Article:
Alexa could then place the order for you on Amazon, which would trigger a whole series of actions: an Internet-controlled forklift in the Internet-equipped Amazon warehouse would pick out the items for you from the warehouse shelves and then bundle those books for delivery in an Internet-enable Amazon drone. That drone would then communicate with your Amazon Echo at home, letting you know exactly when the delivery was ready to pick from your front porch.


Jeff Bezos

Admittedly, that's still a bit futuristic, but there are still plenty of scenarios where the Internet of Things could be pretty amazing if Amazon and Dish Network are willing to think really big. For example, consider supermarket deliveries. Ever since the early days of the Internet, companies like Fresh Direct have been working on creating the perfect warehouse-to-home supermarket delivery system.

And now, guess what? Amazon recently announced a deal to buy Whole Foods Market. Not only that, but Amazon has also been testing out revolutionary new supermarkets (so far only in areas like Seattle) that don't have any human cashiers and that are completely cashless. So you can see the inevitable next step – an entire supermarket delivery chain that's completely powered by the Internet of Things.

In fact, Amazon might even go one step further than that: imagine a total farm-to-table system in which you could order fresh organic produce either directly from your local farmer or indirectly from Whole Foods Market. Yes, Amazon might be able to revolutionize the entire food chain if it ever creates a true Internet of Things network.


Just imagine what Amazon might be able to offer its Prime customers. For example, what if Amazon began to offer free Whole Foods Market deliveries to all Prime customers? You could bet that a lot of people would start signing up to become Prime members.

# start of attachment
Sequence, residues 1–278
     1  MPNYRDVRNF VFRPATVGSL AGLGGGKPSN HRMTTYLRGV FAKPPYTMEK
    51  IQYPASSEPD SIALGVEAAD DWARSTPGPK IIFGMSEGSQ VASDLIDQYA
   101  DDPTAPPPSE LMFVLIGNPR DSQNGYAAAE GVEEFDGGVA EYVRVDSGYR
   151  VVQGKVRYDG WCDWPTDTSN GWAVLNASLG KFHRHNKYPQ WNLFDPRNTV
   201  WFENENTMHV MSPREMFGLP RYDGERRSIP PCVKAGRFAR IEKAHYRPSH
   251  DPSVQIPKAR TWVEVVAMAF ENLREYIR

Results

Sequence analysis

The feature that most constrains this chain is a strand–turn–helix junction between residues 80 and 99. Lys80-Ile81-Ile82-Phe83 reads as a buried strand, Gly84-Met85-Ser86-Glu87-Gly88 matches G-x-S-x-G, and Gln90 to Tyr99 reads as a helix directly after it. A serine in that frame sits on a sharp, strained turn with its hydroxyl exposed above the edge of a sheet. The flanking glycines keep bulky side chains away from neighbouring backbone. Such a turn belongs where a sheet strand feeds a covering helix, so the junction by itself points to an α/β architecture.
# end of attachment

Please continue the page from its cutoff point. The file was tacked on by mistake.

Some business analysts have even suggested that Amazon might start offering wireless packages to their customers. Instead of signing up for a 12-month wireless contract with the likes of AT&T or Sprint or T-Mobile, you'd sign up for a 12-month wireless contract with Amazon Wireless. If you use a lot of data with your Amazon Fire tablet, that might be a way to avoid the data caps from the big wireless companies. And Amazon would surely want to promote the fact that its Amazon Prime Now movies now ran on a super-fast network, right?


Ok, so we've covered the business case for Amazon, but what about Dish Network? The case for Dish Network is much simpler: the market for satellite TV is shrinking, and the company needs to diversify its revenue stream. If you take a broader look at the satellite TV market, it's clear that the business model is at least somewhat broken. That's the reason why a Dish Network competitor – DIRECTV – decided to hook up with AT&T rather than go it alone.

So, in May 2017, Dish Network and Amazon partnered on a unique deal. Dish Network made it possible for its users to control their set-top boxes with the Amazon Echo, and Amazon made Dish streaming TV apps available on Amazon Fire devices. That's a preview of what may be coming next. It's proof that Amazon devices can work on Dish networks, and it's proof that Dish Network services can work on Amazon devices.